Writing a Novel : The Importance of Having Endurance

I’m aware this is, much like my other recent entries, divergent from the central topic of the last month or so. But after seeing the wonderful Charlaine Harris the other night, and having a conversation with a fellow would-be writer, I think it’s important that I discuss endurance. (and, later, stretching.)

As of right now, I have two half-written novels. You may have more than two; you have may have fewer. For various reasons, I’ve had to abandon both of them at the hundred-page mark. For one, I had an entire outline planned, and then veered off track to the point where I just didn’t know where to go with it.

At that time, I decided that I would be treating writing the same way one would prepare for an endurance race; start off with smaller stories, then build my way up to the novel. Writing is different from running, in that somebody with sheer willpower and enough time could make it through a whole first draft without preparation; but it’s also very similar. If you do put in the time beforehand, it’ll be… well, it won’t be easy, but it’ll be easier.

My fellow writer from the night before barely made it past the ten-page mark, and said, “I should really consider writing something shorter first.” She’s right. It’s all a part of training yourself, and getting into the mentality. One can’t physically handle running a marathon the first time through; it’s all about long training, discipline, and building on small successes.

If you work hard, stay focused, and avoid injury, you could one day run a marathon.

Right now, I sure as hell couldn’t run a marathon. I started running a month ago, and I might be able to handle two miles at a decent pace, in one shot. But I’m building on small successes. I’m learning new skills and doing research. But, most of all, I’m learning to focus more on my goals, how to reach them, and giving my all to get there. I’m not going to run a marathon tomorrow, but in three months, I might be able to run a 5k.

In the same way, I don’t think I could write an eight-hundred page epic right now, but I think I could write a three-hundred page novel, since I’ve spent some time building up to it.

As I mentioned earlier, though, stretching IS important – mentally and physically. It’ll help you keep going when you would’ve normally cramped up. (Brain cramps aren’t fun, people. Trust me.) It helps you build muscles, keeps them loose, and most of all, it helps you focus on what you’re about to do. Do some mental warm-ups and cool-downs when you’re writing. If there’s a particular time of day (or night) that works best for you as a writer (or a runner), stick with it. Get into a routine. Challenge yourself.

And, as Marjorie Liu notes in a great entry, JUST DO IT. You don’t get muscles just talking about them; you get muscles by using them.

-Ryan

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6 responses to “Writing a Novel : The Importance of Having Endurance

  1. That was great comparing writing to running. I’m sure most think it’s easy just to pick up a pen and write, but there’s alot that goes on that can wear you out. I’ve never tried stretching before I write (honestly never crossed my mind that it could actually help) but I’ll soon be giving it a shot!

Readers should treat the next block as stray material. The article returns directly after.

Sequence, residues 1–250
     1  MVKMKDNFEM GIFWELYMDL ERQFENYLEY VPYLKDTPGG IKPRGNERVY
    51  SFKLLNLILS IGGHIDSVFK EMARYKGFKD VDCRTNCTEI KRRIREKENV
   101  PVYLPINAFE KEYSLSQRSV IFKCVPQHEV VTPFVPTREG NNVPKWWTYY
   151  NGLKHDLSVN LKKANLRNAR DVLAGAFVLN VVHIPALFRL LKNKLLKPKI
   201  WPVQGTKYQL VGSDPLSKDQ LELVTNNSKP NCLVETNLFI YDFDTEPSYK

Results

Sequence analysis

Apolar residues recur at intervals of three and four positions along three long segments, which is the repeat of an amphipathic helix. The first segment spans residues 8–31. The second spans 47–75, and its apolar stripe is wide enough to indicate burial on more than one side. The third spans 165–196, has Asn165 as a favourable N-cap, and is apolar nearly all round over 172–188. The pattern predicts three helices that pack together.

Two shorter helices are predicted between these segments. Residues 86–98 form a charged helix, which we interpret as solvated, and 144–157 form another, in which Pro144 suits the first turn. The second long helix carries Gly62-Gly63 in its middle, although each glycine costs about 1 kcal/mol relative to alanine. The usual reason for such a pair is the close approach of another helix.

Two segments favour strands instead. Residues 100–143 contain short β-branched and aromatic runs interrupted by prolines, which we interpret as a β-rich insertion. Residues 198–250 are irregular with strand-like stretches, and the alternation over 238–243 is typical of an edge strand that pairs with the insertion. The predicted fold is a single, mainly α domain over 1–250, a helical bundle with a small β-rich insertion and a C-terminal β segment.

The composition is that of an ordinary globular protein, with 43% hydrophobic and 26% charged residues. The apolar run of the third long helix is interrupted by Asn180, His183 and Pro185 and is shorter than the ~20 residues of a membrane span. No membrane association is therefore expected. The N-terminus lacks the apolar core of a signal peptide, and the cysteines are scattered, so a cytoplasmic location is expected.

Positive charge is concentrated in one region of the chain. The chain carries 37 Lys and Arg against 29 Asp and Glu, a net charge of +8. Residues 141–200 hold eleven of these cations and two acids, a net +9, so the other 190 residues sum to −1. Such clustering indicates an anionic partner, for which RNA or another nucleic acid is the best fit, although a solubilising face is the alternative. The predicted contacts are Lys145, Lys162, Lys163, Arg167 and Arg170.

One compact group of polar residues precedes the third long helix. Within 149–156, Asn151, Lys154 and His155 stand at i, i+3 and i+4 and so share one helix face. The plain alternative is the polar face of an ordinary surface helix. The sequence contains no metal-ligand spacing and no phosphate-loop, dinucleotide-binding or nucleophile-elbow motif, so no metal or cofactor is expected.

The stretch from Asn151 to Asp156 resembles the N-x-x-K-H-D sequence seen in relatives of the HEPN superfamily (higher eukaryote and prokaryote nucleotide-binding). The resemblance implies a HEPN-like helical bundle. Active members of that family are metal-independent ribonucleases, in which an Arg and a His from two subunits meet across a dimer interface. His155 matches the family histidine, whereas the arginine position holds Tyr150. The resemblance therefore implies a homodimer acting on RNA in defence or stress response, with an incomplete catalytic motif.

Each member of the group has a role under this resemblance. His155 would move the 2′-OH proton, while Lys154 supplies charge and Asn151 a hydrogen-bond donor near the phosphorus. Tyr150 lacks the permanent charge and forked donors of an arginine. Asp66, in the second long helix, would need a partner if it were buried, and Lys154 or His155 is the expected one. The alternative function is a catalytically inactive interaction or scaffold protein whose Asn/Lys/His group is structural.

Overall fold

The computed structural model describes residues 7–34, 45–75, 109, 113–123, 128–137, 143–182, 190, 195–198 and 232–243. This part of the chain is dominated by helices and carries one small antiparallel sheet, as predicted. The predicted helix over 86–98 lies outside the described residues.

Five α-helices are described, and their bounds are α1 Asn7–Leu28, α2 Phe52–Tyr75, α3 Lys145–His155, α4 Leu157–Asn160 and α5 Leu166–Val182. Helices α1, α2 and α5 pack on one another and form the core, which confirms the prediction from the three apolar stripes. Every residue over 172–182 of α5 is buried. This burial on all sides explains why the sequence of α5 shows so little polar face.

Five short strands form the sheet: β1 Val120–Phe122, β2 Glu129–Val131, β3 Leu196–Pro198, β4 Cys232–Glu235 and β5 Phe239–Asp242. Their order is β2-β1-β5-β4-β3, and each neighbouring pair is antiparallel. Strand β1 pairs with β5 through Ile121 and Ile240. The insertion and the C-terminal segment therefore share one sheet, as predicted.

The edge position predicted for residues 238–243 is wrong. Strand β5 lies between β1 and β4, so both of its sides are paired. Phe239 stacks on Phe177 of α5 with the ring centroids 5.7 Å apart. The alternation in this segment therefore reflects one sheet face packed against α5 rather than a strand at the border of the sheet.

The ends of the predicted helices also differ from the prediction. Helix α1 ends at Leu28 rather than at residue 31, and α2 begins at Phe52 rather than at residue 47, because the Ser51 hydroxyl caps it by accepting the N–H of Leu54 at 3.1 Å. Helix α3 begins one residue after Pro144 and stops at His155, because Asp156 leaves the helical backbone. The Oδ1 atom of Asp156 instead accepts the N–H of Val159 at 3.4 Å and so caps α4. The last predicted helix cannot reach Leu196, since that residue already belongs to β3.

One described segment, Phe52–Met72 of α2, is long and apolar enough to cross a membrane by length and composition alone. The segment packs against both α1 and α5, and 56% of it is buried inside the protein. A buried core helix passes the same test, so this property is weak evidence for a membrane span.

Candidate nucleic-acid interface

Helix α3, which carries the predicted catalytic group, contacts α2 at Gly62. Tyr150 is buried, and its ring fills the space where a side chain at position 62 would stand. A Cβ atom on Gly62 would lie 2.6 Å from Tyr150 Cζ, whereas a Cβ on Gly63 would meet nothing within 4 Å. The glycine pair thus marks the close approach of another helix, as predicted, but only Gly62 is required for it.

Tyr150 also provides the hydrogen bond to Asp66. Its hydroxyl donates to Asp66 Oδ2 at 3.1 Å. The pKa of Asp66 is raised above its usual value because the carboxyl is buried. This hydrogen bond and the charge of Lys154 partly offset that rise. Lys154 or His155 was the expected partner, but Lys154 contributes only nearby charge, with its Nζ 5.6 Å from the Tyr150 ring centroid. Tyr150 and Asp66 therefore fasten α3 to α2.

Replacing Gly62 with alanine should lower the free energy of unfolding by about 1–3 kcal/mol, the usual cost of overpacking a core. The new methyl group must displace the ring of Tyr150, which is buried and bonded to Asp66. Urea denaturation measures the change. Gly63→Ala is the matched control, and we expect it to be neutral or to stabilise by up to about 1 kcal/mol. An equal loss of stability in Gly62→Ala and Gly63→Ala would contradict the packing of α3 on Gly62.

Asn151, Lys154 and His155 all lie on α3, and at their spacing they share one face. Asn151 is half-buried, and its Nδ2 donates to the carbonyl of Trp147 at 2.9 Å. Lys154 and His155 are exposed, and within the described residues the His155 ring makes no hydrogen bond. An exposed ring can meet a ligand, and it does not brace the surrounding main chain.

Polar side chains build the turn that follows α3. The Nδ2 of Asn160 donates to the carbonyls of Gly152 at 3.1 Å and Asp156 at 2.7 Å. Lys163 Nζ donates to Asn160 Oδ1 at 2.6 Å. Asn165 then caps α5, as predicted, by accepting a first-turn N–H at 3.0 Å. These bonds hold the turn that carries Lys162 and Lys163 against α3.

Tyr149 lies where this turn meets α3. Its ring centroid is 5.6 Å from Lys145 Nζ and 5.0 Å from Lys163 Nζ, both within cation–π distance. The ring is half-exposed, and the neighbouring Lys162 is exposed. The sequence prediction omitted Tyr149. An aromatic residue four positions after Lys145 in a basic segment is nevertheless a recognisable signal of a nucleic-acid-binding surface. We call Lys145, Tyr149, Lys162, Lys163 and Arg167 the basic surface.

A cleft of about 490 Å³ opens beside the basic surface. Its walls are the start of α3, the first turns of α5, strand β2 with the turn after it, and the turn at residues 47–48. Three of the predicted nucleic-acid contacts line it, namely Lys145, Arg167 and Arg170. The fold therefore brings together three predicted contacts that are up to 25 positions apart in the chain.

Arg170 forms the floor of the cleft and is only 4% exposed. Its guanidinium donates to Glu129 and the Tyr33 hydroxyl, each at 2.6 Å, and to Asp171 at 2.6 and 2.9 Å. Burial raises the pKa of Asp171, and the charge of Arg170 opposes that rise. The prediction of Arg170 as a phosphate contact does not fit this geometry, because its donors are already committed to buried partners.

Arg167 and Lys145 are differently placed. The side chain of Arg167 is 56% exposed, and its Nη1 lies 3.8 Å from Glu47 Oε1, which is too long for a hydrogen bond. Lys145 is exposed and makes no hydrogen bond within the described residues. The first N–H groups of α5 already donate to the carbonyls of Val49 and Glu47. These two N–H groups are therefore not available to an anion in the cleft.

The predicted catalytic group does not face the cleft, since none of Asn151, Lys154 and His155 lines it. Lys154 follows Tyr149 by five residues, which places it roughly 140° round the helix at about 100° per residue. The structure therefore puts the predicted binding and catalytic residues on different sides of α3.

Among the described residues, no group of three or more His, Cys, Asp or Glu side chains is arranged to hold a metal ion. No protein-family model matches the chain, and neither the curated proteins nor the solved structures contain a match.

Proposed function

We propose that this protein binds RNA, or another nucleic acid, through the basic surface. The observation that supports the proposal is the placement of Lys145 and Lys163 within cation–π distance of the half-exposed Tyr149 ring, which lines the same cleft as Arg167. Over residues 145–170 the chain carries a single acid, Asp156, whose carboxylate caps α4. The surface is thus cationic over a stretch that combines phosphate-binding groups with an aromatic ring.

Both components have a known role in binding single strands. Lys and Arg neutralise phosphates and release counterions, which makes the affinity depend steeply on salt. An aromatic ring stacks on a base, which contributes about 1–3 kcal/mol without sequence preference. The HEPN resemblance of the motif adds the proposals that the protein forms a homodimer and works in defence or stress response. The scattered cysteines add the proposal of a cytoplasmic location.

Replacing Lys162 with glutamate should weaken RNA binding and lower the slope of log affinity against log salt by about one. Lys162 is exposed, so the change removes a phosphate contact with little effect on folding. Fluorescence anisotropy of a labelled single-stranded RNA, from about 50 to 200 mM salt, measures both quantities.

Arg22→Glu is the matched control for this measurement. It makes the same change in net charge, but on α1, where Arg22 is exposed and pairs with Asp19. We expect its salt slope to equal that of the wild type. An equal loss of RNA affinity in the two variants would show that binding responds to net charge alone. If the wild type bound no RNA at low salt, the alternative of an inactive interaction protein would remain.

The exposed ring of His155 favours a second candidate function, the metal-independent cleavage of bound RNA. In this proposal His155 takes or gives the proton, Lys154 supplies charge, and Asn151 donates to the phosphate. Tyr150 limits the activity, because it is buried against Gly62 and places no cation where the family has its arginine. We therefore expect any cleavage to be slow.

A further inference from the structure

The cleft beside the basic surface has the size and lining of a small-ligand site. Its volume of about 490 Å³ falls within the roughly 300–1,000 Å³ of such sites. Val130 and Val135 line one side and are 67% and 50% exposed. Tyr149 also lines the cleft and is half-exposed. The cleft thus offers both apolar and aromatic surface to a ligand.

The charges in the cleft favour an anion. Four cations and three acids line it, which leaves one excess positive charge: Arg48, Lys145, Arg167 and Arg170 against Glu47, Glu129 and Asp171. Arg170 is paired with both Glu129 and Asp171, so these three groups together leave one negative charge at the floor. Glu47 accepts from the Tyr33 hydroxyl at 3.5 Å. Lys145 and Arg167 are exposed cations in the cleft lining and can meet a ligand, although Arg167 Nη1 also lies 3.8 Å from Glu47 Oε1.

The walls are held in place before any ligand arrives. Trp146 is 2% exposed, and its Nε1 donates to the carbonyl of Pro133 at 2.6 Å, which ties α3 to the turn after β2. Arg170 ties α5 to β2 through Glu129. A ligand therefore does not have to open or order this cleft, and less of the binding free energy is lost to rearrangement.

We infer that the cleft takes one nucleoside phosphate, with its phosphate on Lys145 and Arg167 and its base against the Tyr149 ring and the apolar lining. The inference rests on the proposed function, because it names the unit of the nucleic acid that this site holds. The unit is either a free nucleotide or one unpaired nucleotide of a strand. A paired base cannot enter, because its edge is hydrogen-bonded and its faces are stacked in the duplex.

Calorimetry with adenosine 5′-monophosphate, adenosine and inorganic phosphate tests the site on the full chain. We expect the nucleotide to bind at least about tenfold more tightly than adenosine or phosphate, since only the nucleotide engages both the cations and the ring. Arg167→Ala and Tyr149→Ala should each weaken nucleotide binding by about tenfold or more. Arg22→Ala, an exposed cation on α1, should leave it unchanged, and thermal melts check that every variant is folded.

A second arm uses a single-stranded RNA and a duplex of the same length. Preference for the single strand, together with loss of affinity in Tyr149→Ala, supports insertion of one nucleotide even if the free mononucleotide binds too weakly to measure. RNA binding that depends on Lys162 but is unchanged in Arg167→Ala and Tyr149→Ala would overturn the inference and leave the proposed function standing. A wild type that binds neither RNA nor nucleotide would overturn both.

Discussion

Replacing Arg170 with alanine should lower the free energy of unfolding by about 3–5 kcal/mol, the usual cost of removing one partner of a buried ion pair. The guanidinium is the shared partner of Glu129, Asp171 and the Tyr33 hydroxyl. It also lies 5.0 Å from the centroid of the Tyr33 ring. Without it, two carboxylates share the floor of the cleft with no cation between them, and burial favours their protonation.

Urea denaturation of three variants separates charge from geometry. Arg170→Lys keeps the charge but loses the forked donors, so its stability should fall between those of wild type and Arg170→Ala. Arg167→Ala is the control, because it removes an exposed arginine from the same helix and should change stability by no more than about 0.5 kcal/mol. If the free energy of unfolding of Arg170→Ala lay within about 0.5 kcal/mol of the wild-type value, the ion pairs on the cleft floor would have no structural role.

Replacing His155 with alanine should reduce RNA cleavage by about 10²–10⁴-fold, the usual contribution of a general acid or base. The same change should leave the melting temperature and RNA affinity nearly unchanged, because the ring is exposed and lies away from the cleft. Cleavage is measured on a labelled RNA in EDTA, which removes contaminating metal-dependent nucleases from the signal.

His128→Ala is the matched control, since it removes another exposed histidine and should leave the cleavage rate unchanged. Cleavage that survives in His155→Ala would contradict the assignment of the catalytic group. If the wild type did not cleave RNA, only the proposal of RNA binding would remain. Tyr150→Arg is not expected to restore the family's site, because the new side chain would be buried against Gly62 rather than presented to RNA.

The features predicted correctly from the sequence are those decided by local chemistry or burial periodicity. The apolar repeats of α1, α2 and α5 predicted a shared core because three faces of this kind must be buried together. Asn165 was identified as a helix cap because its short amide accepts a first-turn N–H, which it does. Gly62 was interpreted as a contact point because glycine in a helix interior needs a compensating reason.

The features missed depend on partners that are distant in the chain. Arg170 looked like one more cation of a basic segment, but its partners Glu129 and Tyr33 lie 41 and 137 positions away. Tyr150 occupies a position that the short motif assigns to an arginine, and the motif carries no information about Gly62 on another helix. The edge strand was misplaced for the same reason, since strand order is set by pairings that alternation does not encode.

• Thanks, Matt!

      I totally agree. It’s really easy to get worn out, and as far as stretching goes, use the same principles you would with physical stretching. Don’t spend time stretching muscles you’re not going to exercise; focus on the stuff you’re going to work on. But since you’re writing, use it to keep making progress!

      You can work out potential plot points, try to visualize a scene in your mind before you write it, work in a new word or two from the thesaurus, re-writing sentences for maximum impact – hit all of the little things that’ll help you out later, and make you a stronger writer overall. Just as you wouldn’t spend all your time stretching, don’t get caught up in doing the little things; just give them enough time to help you shine.

  2. An interesting thought – though everyone keeps telling us that you have to write every day and that they more you write the more you want to write and so on. Thanks for an interesting post.

    • Hi Cassandra – thanks for the comment!

      I disagree with the “you have to write every day” notion. You can’t exercise every day; the muscles need time to rest, reform, and strengthen. Otherwise, you just burn them out. Writing’s no different.

      I’d agree more with a “write three days, take a break; write three days, take a break” plan. Eventually, once you’ve built up the endurance, you should be able to do six days, and then take a break, but there’s a reason the standard work week is five days and a two-day respite. I think it’s more about finding a rhythm that works than writing every single day.

      And hey, if writing five days straight and taking weekends off works for you, go for it!

  3. Sometimes I think we share a brain. I have about three or so half finished novels! My first attempt at a fantasy novel made it to the 300 page mark before I quit!

    Also, what was that about Charlaine Harris? You met her?

    • That’s possible; I wonder where it goes on the weekends.

      Yeah – I went to her signing in Philly, and got copies of Dead Until Dark and Living Dead in Dallas signed. Independent corroboration suggests I was one of maybe five guys there, among several hundred women.

      …I wonder if my odds will ever be that good again?

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